Alex Ha Kyung Kim provides an update on the key developments in regulatory guidelines and enforcement actions, sharing key takeaway points and his outlook for the near future.


Emma Bufton: Hi everyone my name is Emma Bufton and I am a Senior Associate at Gowling WLG and I also co-chair ThinkHouse Foundations, a network for inhouse lawyers at the start of their careers where we provide tailored training, development and resources for lawyers up to five years PQE.

At our most recent ThinkHouse Foundations event, Alex Kim, an Associate in our Commercial, IT and Outsourcing team, gave an update on GDPR and where we are now just over a year after the new legislation came into force. So Alex, firstly, what trends have you come across in the first year since GDPR came about?

Alex Kim: Well, the ICO's report titled, GDPR One Year On, published at the end of May this year, provides a very useful illustration of how the world has reacted to this new law. For example, the ICO received over 470,000 contacts from businesses and individuals in 2018 to 2019. This is a 66% increase from the previous year showing a clear heightened interest in GDPR. Also there were approximately 14,000 breaches reported to the ICO by organisations; a significant rise from the previous year which was 300,000, however, only 17.5% of these notifications actually required action from organisations. On one hand, this means organisations are proactively taking action to comply with GDPR's breach notification requirements. On the other hand, the low percentage requiring action does show that organisations are finding it difficult to assess whether a breach should be reported or not.

Emma: Thanks Alex, that is interesting. So GDPR has not been ignored since it came into force. Actually, the very opposite seems to have happened. Did the ICO have any comments about complying with GDPR going forwards?

Alex: In a separate blog post which was released on the same day as the One Year On report, the Information Commissioner, Elizabeth Denham, did make some interesting remarks. The one to note is where she said, "The focus for the second year of GDPR must be beyond baseline compliance, i.e., organisations need to shift their focus to accountability with a real evidenced understanding of the risk to individuals in the way they process data and how those risks should be mitigated." In practice, this means organisations should be reviewing their accountability programme. This includes, just to name a few, making sure that the records of processing is up to date, the general data protection policy is in place and training is regularly rolled out to staff. The Commission also remarked that a well-supported and resourced Data Protection Officer is fundamental to GDPR compliance.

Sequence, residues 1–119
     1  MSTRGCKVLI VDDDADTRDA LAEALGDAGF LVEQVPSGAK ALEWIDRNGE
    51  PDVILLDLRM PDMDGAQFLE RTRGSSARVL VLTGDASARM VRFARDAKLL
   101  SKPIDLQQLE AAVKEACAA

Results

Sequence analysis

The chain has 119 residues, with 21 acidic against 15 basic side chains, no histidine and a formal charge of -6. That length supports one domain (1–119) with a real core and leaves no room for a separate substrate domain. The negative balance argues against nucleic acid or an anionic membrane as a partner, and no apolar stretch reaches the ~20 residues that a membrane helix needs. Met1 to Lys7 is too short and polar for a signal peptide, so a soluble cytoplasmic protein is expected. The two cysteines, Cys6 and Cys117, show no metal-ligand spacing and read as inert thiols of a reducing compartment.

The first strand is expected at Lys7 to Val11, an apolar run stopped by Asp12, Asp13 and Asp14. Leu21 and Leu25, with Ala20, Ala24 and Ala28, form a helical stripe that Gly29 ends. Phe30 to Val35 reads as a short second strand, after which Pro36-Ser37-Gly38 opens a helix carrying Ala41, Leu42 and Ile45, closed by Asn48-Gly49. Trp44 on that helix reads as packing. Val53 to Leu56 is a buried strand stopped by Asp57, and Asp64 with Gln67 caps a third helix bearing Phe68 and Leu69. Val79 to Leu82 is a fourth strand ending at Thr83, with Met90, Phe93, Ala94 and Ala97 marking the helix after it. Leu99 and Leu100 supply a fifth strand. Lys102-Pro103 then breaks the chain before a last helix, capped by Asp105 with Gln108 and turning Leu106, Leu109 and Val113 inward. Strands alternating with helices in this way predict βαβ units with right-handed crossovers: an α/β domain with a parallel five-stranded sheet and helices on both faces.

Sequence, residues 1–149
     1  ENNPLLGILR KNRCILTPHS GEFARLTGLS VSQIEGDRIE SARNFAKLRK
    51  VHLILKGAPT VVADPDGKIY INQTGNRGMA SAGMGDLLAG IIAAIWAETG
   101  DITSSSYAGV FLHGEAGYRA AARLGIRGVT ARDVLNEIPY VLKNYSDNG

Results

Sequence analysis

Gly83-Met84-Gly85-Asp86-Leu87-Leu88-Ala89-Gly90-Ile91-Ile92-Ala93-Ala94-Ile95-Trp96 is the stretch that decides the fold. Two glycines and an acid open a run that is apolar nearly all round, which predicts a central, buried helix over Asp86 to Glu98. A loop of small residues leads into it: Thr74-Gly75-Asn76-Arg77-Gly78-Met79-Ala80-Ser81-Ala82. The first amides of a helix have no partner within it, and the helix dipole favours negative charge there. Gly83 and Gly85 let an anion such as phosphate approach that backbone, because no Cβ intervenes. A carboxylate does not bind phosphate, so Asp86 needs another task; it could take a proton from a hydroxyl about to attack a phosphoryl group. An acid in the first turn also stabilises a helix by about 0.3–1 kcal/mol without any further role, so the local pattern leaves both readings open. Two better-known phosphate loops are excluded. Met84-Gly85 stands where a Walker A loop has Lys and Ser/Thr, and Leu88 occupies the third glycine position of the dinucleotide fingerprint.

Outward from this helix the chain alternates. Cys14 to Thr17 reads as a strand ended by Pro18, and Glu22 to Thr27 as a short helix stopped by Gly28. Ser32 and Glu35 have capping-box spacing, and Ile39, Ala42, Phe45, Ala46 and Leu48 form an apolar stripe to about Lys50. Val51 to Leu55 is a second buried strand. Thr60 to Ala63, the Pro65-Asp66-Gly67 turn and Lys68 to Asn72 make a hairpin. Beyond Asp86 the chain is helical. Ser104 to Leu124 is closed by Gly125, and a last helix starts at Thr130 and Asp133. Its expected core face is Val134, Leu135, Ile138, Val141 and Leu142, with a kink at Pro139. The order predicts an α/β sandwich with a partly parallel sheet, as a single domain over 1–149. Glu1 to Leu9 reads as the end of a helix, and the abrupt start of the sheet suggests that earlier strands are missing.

Emma: Ok, got it, thanks. I guess one of the key questions with the introduction of any new law is how it is going to be enforced. We saw in the lead up to GDPR, headlines about the massive fines companies, who are in breach, can expect. Has the ICO carried out any enforcement actions which people should know about?

Alex: I think everybody has been waiting for that big statement-making action. Strangely enough two big announcements from the ICO came in one single week in July this year. One against British Airways and another against Marriott International. Both companies had the same underlying issue. Their security systems were deemed to be inadequate and this had reportedly resulted in unauthorised disclosure of customer data. The size of the fine is what caught people's attention. £183,000,000 for British Airways and £99,000,000 for Marriott. One thing to point out, these are not final fines imposed by the regulator. These are all a notice of intent to fine meaning that British Airways and Marriott can present their arguments to defend their positions. I will be keeping a very close eye on how these actions progress.

Emma: It is difficult not to mention the "B" word at the moment. Can you give us a bit of a steer on what impact Brexit might have on GDPR?

Alex: Well, the good news is even with a no-deal Brexit the data protection laws in the UK will remain the same. The government has confirmed that GDPR will remain UK law which means all the effort that organisations have put in so far, and are continuing to put in to this day to comply with GDPR, that has not been a waste of time. The issue to watch out for is international transfer of data. In a no-deal Brexit, transferring data from the EU to the UK is likely to require putting in place certain appropriate safeguards, most commonly, in the form of the model clauses. So, our recommendation for UK companies that do receive personal data from the EU is that they should start identifying the details of such transfers as a way of preparation for a no-deal Brexit. Thankfully, it does not seem like the transfer of data from the UK to the EU will require any additional measures by companies for the moment. The UK government has clarified as such.

Emma: Thank you, Alex, for those insights which I hope everyone listening has found useful. If you do need any further guidance on anything raised in this podcast then please do not hesitate to contact Alex direct. Thank you.

Alex: Thank you.

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